Mars Soil

The Martian soil isn’t conducive to life, says a new study published in Scientific Reports wherein scientists looked at whether Bacillus subtilis, a robust microbe, would be able to survive on the Martian surface.

B. subtilis is a robust microbe that has a high resistance to environmental dangers. The bacteria, as noted by study authors, “is a common spacecraft contaminant.” In this study from the UK Centre for Astrobiology, researchers replicated conditions on Mars, based on data returned from the Viking Lander, Phoenix Lander, and Curiosity Rover.

The substance perchlorate is known to naturally, and plentifully, exist on Mars. Here on Earth, perchlorate occurs naturally and also takes the form of a toxic industrial chemical commonly used in solid rocket fuel, fertilizer, and fireworks.

Replicating known conditions on Mars, researchers combined B. subtilis with components commonly found on the Martian surface, including magnesium perchlorate in a liquid solution. When subjected to UV light similar to an exposed Martian surface, it wasn’t good news for B. subtilis.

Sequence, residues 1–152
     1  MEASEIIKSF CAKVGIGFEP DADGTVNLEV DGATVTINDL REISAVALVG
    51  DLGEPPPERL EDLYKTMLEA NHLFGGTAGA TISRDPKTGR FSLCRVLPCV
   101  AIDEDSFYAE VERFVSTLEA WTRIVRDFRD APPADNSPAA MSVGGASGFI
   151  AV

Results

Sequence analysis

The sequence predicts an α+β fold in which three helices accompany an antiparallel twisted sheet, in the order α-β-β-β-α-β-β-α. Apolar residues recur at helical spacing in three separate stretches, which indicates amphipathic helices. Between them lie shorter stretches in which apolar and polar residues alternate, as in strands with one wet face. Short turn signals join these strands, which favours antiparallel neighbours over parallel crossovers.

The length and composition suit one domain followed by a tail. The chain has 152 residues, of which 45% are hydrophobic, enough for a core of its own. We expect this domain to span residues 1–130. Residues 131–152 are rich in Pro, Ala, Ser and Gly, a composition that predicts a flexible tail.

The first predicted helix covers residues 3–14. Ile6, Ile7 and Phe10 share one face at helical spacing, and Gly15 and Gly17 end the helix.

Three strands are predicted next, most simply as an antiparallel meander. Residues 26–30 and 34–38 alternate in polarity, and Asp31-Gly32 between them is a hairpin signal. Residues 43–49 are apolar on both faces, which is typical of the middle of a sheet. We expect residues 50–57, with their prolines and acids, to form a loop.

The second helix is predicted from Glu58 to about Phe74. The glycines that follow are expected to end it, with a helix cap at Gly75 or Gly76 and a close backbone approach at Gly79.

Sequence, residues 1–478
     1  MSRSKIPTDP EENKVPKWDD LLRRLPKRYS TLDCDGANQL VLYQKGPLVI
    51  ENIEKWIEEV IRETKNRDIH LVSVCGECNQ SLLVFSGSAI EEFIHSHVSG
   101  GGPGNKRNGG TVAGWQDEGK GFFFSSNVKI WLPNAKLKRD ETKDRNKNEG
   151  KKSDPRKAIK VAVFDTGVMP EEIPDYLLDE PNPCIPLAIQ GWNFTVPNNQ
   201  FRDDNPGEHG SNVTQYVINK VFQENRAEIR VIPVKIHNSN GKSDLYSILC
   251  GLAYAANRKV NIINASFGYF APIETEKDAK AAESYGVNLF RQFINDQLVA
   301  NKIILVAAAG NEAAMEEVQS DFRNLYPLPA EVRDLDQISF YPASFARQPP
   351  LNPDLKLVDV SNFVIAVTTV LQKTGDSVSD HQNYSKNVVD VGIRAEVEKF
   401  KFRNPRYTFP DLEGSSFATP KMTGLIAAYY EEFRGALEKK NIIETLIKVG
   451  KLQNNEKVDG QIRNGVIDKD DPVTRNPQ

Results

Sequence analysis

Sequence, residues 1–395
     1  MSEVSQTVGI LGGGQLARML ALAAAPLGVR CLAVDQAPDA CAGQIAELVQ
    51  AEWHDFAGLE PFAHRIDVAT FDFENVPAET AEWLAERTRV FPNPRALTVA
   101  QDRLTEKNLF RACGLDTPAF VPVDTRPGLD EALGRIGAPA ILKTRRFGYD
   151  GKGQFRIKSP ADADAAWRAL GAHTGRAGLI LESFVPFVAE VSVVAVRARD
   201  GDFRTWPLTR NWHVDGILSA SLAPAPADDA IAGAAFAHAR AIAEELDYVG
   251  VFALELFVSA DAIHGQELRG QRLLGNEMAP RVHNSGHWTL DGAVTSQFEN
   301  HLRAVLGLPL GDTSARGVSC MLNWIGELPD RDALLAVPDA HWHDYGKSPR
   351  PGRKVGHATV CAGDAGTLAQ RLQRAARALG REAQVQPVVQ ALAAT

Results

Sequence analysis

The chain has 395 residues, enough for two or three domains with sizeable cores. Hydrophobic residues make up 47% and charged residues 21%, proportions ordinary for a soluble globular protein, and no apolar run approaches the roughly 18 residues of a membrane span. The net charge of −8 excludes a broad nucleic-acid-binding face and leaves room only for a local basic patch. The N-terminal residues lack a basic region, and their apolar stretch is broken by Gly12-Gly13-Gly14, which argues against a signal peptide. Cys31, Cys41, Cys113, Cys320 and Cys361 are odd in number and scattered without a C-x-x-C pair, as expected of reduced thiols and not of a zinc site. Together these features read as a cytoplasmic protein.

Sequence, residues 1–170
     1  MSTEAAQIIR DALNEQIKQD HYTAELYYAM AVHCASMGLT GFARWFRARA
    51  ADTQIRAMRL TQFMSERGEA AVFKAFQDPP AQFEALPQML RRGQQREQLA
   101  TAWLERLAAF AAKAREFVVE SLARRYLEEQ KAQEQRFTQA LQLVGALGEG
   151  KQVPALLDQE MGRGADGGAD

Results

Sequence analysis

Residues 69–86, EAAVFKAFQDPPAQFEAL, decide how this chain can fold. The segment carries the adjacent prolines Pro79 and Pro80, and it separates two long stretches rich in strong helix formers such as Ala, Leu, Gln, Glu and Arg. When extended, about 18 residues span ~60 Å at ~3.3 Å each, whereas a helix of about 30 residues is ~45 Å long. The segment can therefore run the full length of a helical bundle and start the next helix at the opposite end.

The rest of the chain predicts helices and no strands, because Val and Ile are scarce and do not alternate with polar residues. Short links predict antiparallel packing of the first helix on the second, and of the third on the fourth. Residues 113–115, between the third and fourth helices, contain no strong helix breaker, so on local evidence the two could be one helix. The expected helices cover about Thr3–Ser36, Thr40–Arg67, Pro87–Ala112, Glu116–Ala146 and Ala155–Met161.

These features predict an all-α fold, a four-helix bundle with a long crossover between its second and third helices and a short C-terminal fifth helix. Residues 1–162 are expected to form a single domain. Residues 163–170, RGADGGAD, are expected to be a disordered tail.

The combination of chemicals and conditions proved to have a bacteriocidal effect on the bacteria, which means — according to study authors — that “cell viability was completely lost after 30 seconds.” In comparison, B. subtilis exposed to UV light without perchlorate survived 60 seconds. By contrast, bacteria cells combined with perchlorate, without the UV light, remained viable for up to an hour.

Ramping up the experiment, study authors carried out the process to simulate a rocky, anaerobic (without oxygen) environment, placing the bacteria in silica discs. In this mode, the bacteria survived slightly longer, declining in viability by 60 seconds. Researchers also simulated the colder conditions of Mars, but even then, the perchlorates did their damage just as well. Experiments that combined materials presumed to naturally exist on the Martian surface, like hematite, hydrogen peroxide, and perchlorates, were documented as causing the “greatest loss of viability” in the bacterial microbes.

While research suggests microbes may have existed on the Red Planet three billion years back, other studies may be gently closing the door on the viability of life on Mars today.

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